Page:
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ok, i think i might follow this more closely. i have collected some of those isopod in my backyard, and i might want to breed them.


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Go to the ant, you sluggard; consider its ways and be wise! It has no commander, no overseer or ruler, yet it stores its provisions in summer and gathers its food at harvest. -Proverbs 6: 6-8

My Journal Here

My Shop Here

Attention Ant-Keepers in South Dakota! Join the SoDak(Society Of Dakotan Ant Keepers)

Learn about our website AntsDakota, and help us develop and publish it!

Join our Discord, where you can discuss your anting ideas in peace!


#6 Offline OhNoNotAgain - Posted October 16 2020 - 12:40 PM

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If you seriously start getting interested, here's an excellent care guide written by an expert isopod keeper and seller (and one of the admins in maybe the biggest FB group).

 

https://www.smug-bug.com/services


Edited by OhNoNotAgain, October 16 2020 - 12:50 PM.

  • Ants_Dakota likes this

Formiculture Journals::

Veromessor pergandei, andrei; Novomessor cockerelli

Camponotus fragilis; also separate journal: Camponotus sansabeanus, vicinus, quercicola

Liometopum occidentale;  Prenolepis imparis; Myrmecocystus mexicanus

Pogonomyrmex subnitidus and previously californicus

Tetramorium sp.

Termites: Zootermopsis angusticollis

 

Isopods: A. gestroi, granulatum, kluugi, maculatum, vulgare; C. murina; P. hoffmannseggi, P. haasi, P. ornatus; V. parvus

Spoods: Phidippus sp.


#7 Offline ponerinecat - Posted October 17 2020 - 9:00 AM

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ok, i think i might follow this more closely. i have collected some of those isopod in my backyard, and i might want to breed them.

I can't think of a single area in the US without interesting isopods. While the northeast might be temperate and not exactly isopod rich, there's still plenty of species that look nice, like armadillidium nasatum or porcellio spinicornis and oniscus asselus. And as before, even A. vulgare can have interesting colors. Heres one I found a few days ago.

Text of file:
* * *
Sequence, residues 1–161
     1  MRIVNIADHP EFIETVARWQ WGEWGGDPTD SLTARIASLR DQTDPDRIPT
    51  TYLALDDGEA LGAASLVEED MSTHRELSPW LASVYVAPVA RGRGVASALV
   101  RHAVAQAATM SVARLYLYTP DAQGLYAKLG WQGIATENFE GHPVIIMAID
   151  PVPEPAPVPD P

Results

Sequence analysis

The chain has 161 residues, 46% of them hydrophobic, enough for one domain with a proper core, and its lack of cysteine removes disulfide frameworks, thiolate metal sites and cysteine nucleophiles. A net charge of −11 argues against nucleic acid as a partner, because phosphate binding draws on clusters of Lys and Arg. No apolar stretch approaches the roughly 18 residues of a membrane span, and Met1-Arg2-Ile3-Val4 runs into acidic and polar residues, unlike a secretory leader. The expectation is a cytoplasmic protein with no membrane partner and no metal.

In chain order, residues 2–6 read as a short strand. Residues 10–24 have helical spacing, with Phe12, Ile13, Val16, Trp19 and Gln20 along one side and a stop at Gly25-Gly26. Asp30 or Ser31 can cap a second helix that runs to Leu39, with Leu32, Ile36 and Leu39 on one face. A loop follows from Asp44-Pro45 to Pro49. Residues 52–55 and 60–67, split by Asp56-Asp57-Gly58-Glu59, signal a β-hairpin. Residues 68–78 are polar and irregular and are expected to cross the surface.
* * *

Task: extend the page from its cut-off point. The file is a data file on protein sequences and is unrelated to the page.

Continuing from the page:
Attached File  CSC_3092.JPG   1.43MB   0 downloads


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#8 Offline Solenoqueen - Posted October 18 2020 - 12:23 AM

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I believe that the difficulty of culturing giant "Spanish" Porcellio sp. is vastly blown out of proportion. Though they do reproduce seasonally, if one pays heed to moisture and ventilation requirements, they're pretty easy to care for. 

Personally, having kept and successfully bred P. magnificus, P. hoffmanseggi, P. flavomarginatus, and P. sp. "Morocco", I find that giving them a lot of space, a hefty amount of cross ventilation, hides, and a designated moist moss spot do the trick. 


haha ant queen go brr


#9 Offline OhNoNotAgain - Posted October 18 2020 - 10:44 AM

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I believe that the difficulty of culturing giant "Spanish" Porcellio sp. is vastly blown out of proportion. Though they do reproduce seasonally, if one pays heed to moisture and ventilation requirements, they're pretty easy to care for. 

Personally, having kept and successfully bred P. magnificus, P. hoffmanseggi, P. flavomarginatus, and P. sp. "Morocco", I find that giving them a lot of space, a hefty amount of cross ventilation, hides, and a designated moist moss spot do the trick. 

 

Oh yeah, I did get my hoffs to breed last year and they were doing well; I know I screwed it up when I accidentally killed them off. THAT said, they can't compare to C. murina in terms of surviving adverse conditions. (Heck, my Armadillidium can't compare to C. murina in that regard.)


Formiculture Journals::

Veromessor pergandei, andrei; Novomessor cockerelli

Camponotus fragilis; also separate journal: Camponotus sansabeanus, vicinus, quercicola

Liometopum occidentale;  Prenolepis imparis; Myrmecocystus mexicanus

Pogonomyrmex subnitidus and previously californicus

Tetramorium sp.

Termites: Zootermopsis angusticollis

 

Isopods: A. gestroi, granulatum, kluugi, maculatum, vulgare; C. murina; P. hoffmannseggi, P. haasi, P. ornatus; V. parvus

Spoods: Phidippus sp.